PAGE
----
6. The USCIS officer will ask you and your spouse about your married life, such as where you met, when and why you decided to get married, how many people attended your wedding, or what you did on your most recent holiday celebration. You will back up your answers with documents showing the genuine nature of your marriage, such as mortgage or rental agreements, joint credit cards, and joint utility bills.

7. An officer who spots a problem in your application that you can correct by submitting additional materials will likely put your case on hold and send you home with a list of documents to send in by mail within a specified time. For example, if your spouse's earnings are insufficient to get past the 125% of the U.S. Poverty Guidelines required in most cases, the officer might suggest you find another family member to sign an Affidavit of Support. It's rare for USCIS to deny an application on the spot.

8. If the officer suspects that your marriage is fraudulent, however—just a sham to get you a green card—the officer will add a whole new step to the process. You will have to meet the Fraud Unit, and do a "Stokes interview." There, officers will interview you and your spouse separately and intensively, asking mostly the same questions of each of you. The officer will compare the results of your two interviews.

Do All Marriage-Based Green Card Applicants Get Called in for an Adjustment Interview?

In an effort to reduce backlogs and delays, USCIS has begun waiving interviews in some marriage-based cases. This is most likely to happen in cases of marriage whose validity is clear from the documents, for example when they've lived together for many years, had children, and so on.

But don't panic if USCIS decides to interview you rather than issue a waiver. Interviews were the norm for all couples for many years, and part of the choice of who to interview is done by random selection.

Which Couples Get Called in for Marriage-Fraud Interviews?

As mentioned above, some couples whose personal characteristics or living situations raise red flags in the eyes of USCIS might have to go through not only a regular interview, but also a "fraud interview" (also called a "Stokes interview").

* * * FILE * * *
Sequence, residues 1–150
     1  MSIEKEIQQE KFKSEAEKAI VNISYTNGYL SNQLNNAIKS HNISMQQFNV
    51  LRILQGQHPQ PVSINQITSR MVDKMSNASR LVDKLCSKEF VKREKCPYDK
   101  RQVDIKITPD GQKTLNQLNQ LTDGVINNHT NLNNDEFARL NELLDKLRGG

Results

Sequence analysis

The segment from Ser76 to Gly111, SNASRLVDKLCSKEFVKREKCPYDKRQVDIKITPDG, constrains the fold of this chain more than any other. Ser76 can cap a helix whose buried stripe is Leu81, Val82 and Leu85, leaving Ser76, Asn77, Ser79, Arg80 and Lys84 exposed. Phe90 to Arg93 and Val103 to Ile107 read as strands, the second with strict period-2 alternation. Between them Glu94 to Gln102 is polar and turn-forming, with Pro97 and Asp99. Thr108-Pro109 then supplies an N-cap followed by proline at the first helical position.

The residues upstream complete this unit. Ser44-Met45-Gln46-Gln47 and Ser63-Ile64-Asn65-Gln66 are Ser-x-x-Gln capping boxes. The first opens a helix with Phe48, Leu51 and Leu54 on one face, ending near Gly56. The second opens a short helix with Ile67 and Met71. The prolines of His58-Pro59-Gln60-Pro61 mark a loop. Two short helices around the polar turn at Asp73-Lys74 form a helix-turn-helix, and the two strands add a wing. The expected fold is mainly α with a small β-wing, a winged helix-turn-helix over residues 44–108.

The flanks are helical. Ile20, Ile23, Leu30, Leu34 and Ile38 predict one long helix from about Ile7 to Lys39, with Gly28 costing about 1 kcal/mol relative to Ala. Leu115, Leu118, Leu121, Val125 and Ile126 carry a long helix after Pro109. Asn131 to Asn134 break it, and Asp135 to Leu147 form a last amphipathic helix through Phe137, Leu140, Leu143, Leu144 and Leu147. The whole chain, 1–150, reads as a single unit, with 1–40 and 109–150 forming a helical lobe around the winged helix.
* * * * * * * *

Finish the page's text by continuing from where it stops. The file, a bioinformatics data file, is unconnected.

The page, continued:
USCIS is on the lookout for couples who, for example, do not seem to share a common language; have large differences in their age, religion, class, cultural, or educational background; or do not live together, at the same address. It's not only the couples faking a marriage who get called in for these!

What Happens at the Conclusion of an Adjustment of Status Interview

At the end of the adjustment of status interview, you might be told that everything looks good and that you will be approved for lawful permanent residence (sometimes after a supervisor agrees).

Several weeks later, your actual green card should arrive by mail.

If you receive conditional rather than permanent residence (because your marriage is relatively new), you will have to file an application about 21 months from your approval date in order to progress to permanent residency.

Getting Legal Help

For personalized assistance with applying for lawful permanent residence based on marriage to a U.S. citizen or green card holder, consult an experienced attorney. The attorney can accompany you to the interview, which can help to avoid misunderstandings, legal and otherwise.